You favourite analyzers were upgraded to detect two new type of security issues:
- privacy-related problems that can lead to data leak
- missing or disabled HTTP security headers.
Privacy-related issues are not open vulnerabilities that could be exploited directly by a hacker. For this reason, an immediate fix is not required. Instead, as a developer you should carefully review what is highlighted and take a decision whether or not you want to let your code potentially leak personal data of your users.
Here is the list of Security Hotspots added:
- S5604: Using intrusive permissions is security-sensitive
- S5247: Disabling auto-escaping in template engines is security-sensitive
- S5725: Disabling resource integrity features is security-sensitive
- S5743: Allowing browsers to perform DNS prefetching is security-sensitive
- S5757: Allowing confidential information to be logged is security-sensitive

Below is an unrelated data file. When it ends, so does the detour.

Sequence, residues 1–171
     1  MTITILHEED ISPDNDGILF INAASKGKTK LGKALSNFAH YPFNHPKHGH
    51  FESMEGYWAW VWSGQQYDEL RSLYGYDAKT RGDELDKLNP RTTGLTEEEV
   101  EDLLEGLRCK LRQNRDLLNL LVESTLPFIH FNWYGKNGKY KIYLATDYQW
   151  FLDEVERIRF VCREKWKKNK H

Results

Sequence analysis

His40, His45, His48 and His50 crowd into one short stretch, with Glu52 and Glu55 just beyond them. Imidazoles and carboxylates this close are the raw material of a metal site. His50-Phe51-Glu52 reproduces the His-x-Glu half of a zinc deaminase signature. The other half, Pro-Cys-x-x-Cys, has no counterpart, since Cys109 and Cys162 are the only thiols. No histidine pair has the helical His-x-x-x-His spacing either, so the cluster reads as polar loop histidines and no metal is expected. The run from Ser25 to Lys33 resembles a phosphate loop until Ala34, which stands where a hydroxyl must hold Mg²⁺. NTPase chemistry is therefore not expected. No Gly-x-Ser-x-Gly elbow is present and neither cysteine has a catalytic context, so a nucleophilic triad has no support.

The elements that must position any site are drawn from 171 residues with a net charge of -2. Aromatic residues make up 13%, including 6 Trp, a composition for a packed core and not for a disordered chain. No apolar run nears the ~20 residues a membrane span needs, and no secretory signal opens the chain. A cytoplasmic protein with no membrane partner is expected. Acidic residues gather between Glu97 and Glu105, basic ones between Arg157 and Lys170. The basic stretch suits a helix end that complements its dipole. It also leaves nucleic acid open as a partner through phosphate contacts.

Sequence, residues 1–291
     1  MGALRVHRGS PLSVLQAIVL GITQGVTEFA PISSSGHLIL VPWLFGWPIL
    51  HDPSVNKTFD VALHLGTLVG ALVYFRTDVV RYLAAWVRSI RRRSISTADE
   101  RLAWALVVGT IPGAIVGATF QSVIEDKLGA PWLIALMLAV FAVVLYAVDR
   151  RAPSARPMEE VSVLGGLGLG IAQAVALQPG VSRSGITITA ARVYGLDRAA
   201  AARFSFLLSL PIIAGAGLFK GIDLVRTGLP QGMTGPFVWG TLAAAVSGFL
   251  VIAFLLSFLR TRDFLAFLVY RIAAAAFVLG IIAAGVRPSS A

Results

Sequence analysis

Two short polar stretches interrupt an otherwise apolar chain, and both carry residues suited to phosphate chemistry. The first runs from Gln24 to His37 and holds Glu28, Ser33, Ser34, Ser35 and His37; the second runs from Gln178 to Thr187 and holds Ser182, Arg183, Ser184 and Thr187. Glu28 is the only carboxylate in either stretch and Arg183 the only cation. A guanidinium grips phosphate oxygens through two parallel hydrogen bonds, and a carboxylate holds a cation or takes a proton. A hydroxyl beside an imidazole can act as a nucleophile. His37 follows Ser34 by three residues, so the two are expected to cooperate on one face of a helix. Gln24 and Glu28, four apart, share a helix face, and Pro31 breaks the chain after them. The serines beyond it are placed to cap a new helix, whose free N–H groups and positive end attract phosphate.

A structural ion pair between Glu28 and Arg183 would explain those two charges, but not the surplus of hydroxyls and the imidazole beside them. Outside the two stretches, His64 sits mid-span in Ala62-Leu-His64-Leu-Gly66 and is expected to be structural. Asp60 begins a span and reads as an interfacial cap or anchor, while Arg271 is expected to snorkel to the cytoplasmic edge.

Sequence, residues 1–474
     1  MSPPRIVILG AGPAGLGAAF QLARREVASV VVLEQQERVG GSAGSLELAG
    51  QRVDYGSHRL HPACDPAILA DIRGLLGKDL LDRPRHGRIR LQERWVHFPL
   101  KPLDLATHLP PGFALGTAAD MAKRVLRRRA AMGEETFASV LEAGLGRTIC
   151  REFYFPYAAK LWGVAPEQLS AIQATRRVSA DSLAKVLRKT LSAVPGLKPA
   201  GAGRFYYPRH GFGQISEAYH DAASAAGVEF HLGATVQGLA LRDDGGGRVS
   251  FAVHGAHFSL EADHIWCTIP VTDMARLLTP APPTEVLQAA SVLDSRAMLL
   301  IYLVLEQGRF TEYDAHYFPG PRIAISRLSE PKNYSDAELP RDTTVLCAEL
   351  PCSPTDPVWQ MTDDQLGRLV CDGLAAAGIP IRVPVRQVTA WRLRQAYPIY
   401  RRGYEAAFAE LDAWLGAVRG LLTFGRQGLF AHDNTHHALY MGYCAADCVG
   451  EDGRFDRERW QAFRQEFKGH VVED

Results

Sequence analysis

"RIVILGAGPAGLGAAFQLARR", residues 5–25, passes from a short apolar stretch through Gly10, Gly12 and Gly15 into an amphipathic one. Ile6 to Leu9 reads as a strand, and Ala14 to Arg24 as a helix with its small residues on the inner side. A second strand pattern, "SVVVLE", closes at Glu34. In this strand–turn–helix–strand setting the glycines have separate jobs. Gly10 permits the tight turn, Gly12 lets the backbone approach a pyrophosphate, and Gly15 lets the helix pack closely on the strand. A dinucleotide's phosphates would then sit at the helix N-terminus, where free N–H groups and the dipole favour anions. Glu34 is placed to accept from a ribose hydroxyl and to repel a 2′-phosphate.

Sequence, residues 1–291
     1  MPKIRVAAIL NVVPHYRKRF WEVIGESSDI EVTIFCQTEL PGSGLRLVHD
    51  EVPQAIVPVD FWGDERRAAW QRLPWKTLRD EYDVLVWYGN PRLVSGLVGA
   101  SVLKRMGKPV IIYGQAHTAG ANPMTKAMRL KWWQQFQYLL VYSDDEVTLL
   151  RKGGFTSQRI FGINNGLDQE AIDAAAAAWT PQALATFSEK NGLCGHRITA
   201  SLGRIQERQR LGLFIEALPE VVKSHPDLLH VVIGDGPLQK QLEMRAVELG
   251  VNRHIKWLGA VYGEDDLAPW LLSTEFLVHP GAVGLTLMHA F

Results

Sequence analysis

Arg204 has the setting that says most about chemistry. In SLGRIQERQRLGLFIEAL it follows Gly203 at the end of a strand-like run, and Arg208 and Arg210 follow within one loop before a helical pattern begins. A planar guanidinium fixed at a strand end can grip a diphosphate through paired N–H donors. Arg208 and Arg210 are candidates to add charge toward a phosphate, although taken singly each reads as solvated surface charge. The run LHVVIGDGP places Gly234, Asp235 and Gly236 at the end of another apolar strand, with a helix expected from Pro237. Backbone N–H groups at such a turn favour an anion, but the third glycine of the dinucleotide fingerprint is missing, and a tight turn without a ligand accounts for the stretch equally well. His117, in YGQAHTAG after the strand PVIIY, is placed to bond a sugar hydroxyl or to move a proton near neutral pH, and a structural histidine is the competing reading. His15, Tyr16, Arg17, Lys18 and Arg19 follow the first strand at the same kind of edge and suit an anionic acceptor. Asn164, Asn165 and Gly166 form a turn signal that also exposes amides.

- S5759: Forwarding client IP address is security-sensitive
A lot of HTTP headers exist or were introduced recently to improve security of an application or more precisely, the security of the browser when a user visits the application such as Content Security Policy.
We now detect missing or disabled security headers that help as an extra defense layer against potential attacks. They are often wrongly used, not understood or simply unknown.
Here is the list of Security Hotspots added to help you better use HTTP headers:
- S5728: Disabling content security policy fetch directives is security-sensitive
- S5732: Disabling content security policy frame-ancestors directive is security-sensitive
- S5730: Allowing mixed-content is security-sensitive
- S5734: Allowing browsers to sniff MIME types is security-sensitive
- S5736: Disabling strict HTTP no-referrer policy is security-sensitive
- S5739: Disabling Strict-Transport-Security policy is security-sensitive
- S5742: Disabling Certificate Transparency monitoring is security-sensitive